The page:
The Ultimate Winter Hiking Edit

27 February

Are you dreaming of longer spring and summer days so you can dust off your hiking boots and start exploring the great outdoors and mountain tops again? Do you wish you could keep going throughout the darker, harsher months, but feel like you can’t because perhaps you don’t quite know what kit will keep you warm, dry and – most of all in those gloomier days – visible.  Well, your love of hiking can continue all year round, and here’s how…

Winter Hiking EditWith planning, winter hiking doesn’t need to be that different from a dryer, warmer hike and there are, arguably, some really exciting hiking opportunities that are better in the winter, either because the terrain and conditions are more challenging or the views more expansive due to fewer leaves on trees. And, let’s face it, there is nothing quite as dramatically picturesque as a snowy landscape and on those glorious days the winter light can make your photos look spectacular.

Winter Hiking can burn more than 408 calories per hour

Physically speaking, a winter hike can certainly get your heart pumping, the calories burning (more so than at mid-temperatures) and is excellent for fitness, agility and mental strength. Generally winter hikes, particularly snowy ones, come without those pesky insects, or, depending where you are, even fewer animal encounters than usual.

Even with the British winter officially coming to an end on 25 March, there is always somewhere in the world you can go to hike across a snowy mountain range.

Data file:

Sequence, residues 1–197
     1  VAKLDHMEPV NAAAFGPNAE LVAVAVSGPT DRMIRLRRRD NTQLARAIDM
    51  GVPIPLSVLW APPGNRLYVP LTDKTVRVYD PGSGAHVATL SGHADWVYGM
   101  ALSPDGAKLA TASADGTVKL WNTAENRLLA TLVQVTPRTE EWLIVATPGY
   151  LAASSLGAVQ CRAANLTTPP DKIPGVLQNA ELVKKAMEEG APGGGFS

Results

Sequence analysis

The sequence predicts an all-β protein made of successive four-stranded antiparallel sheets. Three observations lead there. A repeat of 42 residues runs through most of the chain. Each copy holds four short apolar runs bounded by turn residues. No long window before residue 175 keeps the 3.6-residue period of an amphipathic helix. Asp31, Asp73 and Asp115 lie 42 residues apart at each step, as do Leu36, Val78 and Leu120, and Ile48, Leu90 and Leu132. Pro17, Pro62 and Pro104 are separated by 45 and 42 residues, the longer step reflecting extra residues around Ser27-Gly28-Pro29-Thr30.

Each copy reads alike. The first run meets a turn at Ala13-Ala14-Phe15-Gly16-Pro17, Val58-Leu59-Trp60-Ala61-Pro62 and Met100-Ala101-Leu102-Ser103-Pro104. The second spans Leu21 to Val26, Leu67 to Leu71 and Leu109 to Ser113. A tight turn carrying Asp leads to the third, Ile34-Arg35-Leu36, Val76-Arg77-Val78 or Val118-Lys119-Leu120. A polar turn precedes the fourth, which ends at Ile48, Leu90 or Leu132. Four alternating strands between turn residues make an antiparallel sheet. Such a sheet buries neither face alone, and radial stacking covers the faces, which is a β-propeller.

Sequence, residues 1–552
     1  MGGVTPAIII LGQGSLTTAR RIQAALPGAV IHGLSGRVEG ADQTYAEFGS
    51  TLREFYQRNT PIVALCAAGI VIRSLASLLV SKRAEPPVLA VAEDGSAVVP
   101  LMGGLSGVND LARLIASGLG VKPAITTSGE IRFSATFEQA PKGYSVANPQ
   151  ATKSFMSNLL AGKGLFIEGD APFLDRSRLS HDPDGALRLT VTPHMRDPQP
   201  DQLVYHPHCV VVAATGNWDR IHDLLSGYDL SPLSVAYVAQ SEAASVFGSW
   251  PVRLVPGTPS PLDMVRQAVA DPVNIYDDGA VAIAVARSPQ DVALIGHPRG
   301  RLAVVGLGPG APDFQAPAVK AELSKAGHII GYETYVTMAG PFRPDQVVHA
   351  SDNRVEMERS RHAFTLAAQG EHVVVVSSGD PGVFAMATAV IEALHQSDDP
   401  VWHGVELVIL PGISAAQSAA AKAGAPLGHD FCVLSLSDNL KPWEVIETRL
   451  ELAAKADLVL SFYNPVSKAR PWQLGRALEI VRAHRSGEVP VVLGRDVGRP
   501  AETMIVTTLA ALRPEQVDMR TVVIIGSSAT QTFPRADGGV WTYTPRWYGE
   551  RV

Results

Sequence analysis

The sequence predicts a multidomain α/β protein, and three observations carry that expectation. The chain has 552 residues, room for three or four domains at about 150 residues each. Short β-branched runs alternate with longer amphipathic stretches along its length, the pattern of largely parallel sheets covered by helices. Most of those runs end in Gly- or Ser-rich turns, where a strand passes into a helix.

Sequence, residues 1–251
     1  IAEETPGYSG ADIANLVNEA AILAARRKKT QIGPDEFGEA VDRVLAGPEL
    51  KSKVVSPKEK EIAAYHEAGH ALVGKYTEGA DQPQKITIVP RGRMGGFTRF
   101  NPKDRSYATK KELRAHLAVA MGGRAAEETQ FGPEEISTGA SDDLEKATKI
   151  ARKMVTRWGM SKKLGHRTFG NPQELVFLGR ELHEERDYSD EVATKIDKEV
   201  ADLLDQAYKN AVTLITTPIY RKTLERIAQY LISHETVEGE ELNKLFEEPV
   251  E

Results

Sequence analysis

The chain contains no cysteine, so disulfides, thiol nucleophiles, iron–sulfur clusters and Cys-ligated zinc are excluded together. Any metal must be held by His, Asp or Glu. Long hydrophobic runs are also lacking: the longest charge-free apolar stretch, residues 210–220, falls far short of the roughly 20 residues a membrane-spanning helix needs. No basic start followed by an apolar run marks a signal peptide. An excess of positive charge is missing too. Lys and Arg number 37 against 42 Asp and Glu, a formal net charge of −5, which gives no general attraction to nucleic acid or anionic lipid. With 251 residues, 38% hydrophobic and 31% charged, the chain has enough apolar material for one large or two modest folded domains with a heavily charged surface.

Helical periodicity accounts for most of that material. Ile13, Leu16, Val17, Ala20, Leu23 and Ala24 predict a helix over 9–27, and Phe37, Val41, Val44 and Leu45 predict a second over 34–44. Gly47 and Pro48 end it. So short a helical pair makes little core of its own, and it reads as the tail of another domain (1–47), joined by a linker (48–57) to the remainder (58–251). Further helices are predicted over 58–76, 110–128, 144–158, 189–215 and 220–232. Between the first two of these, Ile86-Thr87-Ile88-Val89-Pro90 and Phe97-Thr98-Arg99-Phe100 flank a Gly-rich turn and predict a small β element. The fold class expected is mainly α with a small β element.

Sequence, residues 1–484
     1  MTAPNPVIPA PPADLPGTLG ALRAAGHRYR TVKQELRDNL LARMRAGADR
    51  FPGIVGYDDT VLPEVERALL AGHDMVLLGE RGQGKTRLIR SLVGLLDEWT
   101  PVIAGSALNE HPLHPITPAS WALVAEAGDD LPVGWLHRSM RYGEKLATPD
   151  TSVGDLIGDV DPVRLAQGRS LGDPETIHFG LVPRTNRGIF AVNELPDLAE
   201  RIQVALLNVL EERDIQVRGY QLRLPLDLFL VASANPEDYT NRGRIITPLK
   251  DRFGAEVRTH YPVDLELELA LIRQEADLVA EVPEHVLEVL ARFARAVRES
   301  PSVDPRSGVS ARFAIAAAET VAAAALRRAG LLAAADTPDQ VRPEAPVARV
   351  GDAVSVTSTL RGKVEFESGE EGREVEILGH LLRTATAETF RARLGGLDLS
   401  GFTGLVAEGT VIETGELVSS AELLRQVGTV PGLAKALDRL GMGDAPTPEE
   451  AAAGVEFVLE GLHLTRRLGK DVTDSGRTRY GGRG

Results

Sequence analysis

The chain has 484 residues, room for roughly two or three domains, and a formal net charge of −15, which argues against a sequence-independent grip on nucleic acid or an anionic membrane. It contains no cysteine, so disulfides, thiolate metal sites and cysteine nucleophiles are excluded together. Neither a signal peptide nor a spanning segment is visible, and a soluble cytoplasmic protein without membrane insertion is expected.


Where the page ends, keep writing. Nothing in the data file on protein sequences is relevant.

Dress Like an Onion*

*Take advice from the Quebecois, who have an expression s’habiller comme un oignon – which literally means dress like an onion and pile on the layers. If you are venturing to the mountains and into potential snow storms, a few of the same principles apply as a winter hill climb in strong, cold winds…it is all about layers, insulation and preparation for all eventualities – in other words, plan ahead.

Your base layers need to be snug, but not too tight. Even sleeves and leggings need to be slightly on the looser side to ensure that your body’s core heat travels to all your extremities freely.  Wicking material for your base layer is preferable – this is a modern technical fabric that draws moisture away from the body. It is made of high-tech polyester, which, unlike cotton, absorbs very little water. A lot of sports wear is made of this and can make useful base layers.

You don’t need to get everything new specifically for your hike, but specialist hiking socks would be a good idea –plus a spare pair in case of unexpected puddles. For ultimate comfort they need to be thick yet moisture wicking – try Falke’s Trekking socks for men or women.

Pixelite Training HoodieYour additional layers should continue with the moisture wicking and lightweight, them, but make sure they’re warm. The layer under your jacket could be a hooded top that then doubles up as a jacket if the conditions warm up. The  Proviz PixElite men or women’s training hoodie is a great option. Its warm outer layer is lightweight and incorporates tight knit windproof material, while remaining highly breathable, to keep you insulated without overheating. It also incorporates our highly reflective PixElite material that will help keep you seen if visibility isn’t great. Adjustable waist, drawstring hood and extra length cuffs are just a few features that will help you stay warm when required.